For customer centric businesses, the failure to focus on the Brand is just as paramount, especially for B2B enterprise companies. Buyers today are much more informed, and according to CEB Global, the average B2B buyer is 57% of the way through the purchasing process before they contact a seller directly. Prospects have most likely already determined whether they will purchase or not, and for those that have said yes, they will most likely need help getting org-wide buy-in and are willing to talk price immediately. The question modern buyers ask isn't should they buy, it's how do they buy. 

To sell to the modern buyer, businesses must be both customer driven and brand focused. Knowing who the modern buyer is creates a bigger opportunity, opens new markets and provides a means to drive lasting loyalty. How does the organization help their sales teams seize the modern buyer’s attention and drive sales?


Businesses need to cultivate stories that are easily shared in the marketplace or within an organization. Brands aren’t what they say they are, but what the others say about them. To build word of mouth in the digital age, Brand Officers need to create stories that are easily shared. Frequently that is done with content, but isn’t limited to such. For enterprise B2B companies, create content that is tailored to the prospect's organization and is easily shared within their organization. Be functional over merely interesting.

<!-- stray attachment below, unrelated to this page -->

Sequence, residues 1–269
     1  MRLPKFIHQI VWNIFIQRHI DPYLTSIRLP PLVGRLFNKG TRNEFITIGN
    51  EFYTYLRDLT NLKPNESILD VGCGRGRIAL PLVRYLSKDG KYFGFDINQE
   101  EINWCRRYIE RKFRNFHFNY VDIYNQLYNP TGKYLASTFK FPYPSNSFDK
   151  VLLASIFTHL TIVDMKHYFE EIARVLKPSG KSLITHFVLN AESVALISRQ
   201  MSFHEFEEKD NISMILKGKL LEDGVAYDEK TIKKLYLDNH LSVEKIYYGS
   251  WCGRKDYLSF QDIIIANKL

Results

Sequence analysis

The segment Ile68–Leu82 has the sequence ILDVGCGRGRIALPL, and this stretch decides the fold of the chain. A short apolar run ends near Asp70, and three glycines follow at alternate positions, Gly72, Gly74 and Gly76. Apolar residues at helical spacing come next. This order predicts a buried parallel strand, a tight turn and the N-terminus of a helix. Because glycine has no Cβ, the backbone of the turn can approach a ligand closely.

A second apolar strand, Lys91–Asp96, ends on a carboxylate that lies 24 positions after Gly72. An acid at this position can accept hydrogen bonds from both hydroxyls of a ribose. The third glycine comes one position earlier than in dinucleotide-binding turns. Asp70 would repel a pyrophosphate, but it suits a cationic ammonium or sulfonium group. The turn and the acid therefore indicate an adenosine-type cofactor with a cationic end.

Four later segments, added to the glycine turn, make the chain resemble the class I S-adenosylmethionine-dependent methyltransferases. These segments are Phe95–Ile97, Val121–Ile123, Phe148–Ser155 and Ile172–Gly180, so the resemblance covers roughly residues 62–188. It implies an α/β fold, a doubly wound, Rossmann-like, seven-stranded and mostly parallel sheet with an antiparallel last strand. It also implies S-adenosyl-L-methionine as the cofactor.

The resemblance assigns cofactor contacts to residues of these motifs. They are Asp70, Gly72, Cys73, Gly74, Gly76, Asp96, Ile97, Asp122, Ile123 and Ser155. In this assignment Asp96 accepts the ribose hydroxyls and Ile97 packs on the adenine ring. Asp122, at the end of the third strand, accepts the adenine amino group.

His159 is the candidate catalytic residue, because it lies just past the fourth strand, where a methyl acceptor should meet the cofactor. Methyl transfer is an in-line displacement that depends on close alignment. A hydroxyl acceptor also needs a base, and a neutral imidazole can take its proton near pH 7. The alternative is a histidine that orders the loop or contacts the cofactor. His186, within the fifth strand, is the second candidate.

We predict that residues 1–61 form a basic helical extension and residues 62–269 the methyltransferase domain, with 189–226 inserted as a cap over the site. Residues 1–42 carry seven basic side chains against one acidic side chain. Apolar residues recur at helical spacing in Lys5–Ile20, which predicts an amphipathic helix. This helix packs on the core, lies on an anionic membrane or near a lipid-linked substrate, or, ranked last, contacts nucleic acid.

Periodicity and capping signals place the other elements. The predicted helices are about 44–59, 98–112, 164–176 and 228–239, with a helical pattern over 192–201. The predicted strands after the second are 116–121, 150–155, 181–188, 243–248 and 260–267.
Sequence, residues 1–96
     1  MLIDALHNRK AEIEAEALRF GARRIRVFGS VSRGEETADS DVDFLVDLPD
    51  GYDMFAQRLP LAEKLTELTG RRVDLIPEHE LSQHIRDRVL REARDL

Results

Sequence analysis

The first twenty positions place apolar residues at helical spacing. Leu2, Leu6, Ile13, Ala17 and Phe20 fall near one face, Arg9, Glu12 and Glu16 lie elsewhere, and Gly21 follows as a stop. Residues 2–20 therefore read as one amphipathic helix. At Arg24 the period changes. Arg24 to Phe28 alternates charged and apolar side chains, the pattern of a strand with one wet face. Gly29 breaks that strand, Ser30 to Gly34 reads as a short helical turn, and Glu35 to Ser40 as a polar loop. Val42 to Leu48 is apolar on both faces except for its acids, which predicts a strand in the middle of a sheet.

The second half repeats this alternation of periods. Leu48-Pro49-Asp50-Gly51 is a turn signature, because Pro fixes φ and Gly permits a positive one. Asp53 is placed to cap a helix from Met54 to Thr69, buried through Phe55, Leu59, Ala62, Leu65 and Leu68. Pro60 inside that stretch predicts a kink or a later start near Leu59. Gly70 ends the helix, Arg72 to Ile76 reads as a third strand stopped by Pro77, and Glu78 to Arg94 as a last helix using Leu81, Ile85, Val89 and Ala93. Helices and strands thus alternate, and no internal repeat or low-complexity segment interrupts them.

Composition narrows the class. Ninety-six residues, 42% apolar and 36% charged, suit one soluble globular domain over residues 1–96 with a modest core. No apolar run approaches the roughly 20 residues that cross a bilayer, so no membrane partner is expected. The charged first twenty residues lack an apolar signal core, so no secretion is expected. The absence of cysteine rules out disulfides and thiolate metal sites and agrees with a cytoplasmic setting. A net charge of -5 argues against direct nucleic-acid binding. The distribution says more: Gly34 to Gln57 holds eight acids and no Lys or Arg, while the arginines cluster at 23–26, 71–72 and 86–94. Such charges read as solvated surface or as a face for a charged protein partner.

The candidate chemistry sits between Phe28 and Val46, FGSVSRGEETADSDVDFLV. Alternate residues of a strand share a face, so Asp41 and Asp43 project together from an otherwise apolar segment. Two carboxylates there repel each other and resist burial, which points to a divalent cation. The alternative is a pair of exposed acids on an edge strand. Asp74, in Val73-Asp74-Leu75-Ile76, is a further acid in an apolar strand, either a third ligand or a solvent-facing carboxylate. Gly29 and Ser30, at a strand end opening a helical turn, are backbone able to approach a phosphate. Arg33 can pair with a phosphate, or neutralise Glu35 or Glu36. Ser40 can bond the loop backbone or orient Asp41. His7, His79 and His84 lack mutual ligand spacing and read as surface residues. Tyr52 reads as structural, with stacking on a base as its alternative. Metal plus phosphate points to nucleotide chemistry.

Build emotional connections, especially important in this increasingly digital world. Customers have made their decision within six seconds of visiting a website, and first impressions are 94% design related. Investing in emotional design, especially with your website, will increase trust immediately and provide a longer term loyalty boost. 


The best Brand Officers probably won’t have an MBA, but rather an MFA. Emotional connections are the heart of the brand experience and those schooled in design are the best at understanding and leveraging emotion, especially in digital formats, most popular with millennial. CXO’s should have a strong background in either sales or the tools & apps necessary to understand the full customer view. In many ways the CXO is considered the mini CEO, the one who always advocates for the customer. Hire both as complements and ensure at least one of the two have a strong understanding of the digital space.

CEO’s would do quite well to build the new marketing organization with the Brand Officer front and center and pair with the more organization wide focused CXO’s. These are the new roles in modern marketing organizations, representing art and science, strategy and creativity, which will propel brands to transform to the new customer centric world.

Ryan Tucker Chief Experience Officer

Ryan is focused on building the "Hero's Experience," the holistic Customer & Brand Experience. Ryan has spent his career working at Salesforce, Riverbed Technology and several startups, where he has implemented, deployed and managed large scale cloud enterprise solutions.